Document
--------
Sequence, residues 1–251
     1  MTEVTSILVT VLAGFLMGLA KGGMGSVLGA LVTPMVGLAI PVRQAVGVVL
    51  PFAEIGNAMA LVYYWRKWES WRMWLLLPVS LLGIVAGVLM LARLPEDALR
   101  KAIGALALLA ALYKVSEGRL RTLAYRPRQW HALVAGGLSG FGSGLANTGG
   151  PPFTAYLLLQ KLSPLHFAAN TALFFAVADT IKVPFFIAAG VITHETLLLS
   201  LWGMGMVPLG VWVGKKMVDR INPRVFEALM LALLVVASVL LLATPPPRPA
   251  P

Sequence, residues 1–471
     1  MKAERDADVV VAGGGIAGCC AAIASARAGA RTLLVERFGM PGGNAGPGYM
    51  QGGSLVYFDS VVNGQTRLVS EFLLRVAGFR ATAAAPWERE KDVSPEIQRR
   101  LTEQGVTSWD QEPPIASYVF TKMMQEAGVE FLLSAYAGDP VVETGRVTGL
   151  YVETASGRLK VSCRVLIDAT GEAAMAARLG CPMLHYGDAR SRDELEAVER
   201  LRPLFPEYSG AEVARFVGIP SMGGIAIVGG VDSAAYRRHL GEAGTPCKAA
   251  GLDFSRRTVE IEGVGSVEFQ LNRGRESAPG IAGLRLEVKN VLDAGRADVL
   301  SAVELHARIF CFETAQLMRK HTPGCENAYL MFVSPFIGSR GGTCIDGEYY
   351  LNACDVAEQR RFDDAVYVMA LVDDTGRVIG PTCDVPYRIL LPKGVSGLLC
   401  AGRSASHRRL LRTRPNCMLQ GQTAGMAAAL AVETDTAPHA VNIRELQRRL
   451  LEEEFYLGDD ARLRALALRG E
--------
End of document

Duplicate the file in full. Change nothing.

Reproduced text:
Sequence, residues 1–251
     1  MTEVTSILVT VLAGFLMGLA KGGMGSVLGA LVTPMVGLAI PVRQAVGVVL
    51  PFAEIGNAMA LVYYWRKWES WRMWLLLPVS LLGIVAGVLM LARLPEDALR
   101  KAIGALALLA ALYKVSEGRL RTLAYRPRQW HALVAGGLSG FGSGLANTGG
   151  PPFTAYLLLQ KLSPLHFAAN TALFFAVADT IKVPFFIAAG VITHETLLLS
   201  LWGMGMVPLG VWVGKKMVDR INPRVFEALM LALLVVASVL LLATPPPRPA
   251  P

Sequence, residues 1–471
     1  MKAERDADVV VAGGGIAGCC AAIASARAGA RTLLVERFGM PGGNAGPGYM
    51  QGGSLVYFDS VVNGQTRLVS EFLLRVAGFR ATAAAPWERE KDVSPEIQRR
   101  LTEQGVTSWD QEPPIASYVF TKMMQEAGVE FLLSAYAGDP VVETGRVTGL
   151  YVETASGRLK VSCRVLIDAT GEAAMAARLG CPMLHYGDAR SRDELEAVER
   201  LRPLFPEYSG AEVARFVGIP SMGGIAIVGG VDSAAYRRHL GEAGTPCKAA
   251  GLDFSRRTVE IEGVGSVEFQ LNRGRESAPG IAGLRLEVKN VLDAGRADVL
   301  SAVELHARIF CFETAQLMRK HTPGCENAYL MFVSPFIGSR GGTCIDGEYY
   351  LNACDVAEQR RFDDAVYVMA LVDDTGRVIG PTCDVPYRIL LPKGVSGLLC
   401  AGRSASHRRL LRTRPNCMLQ GQTAGMAAAL AVETDTAPHA VNIRELQRRL
   451  LEEEFYLGDD ARLRALALRG E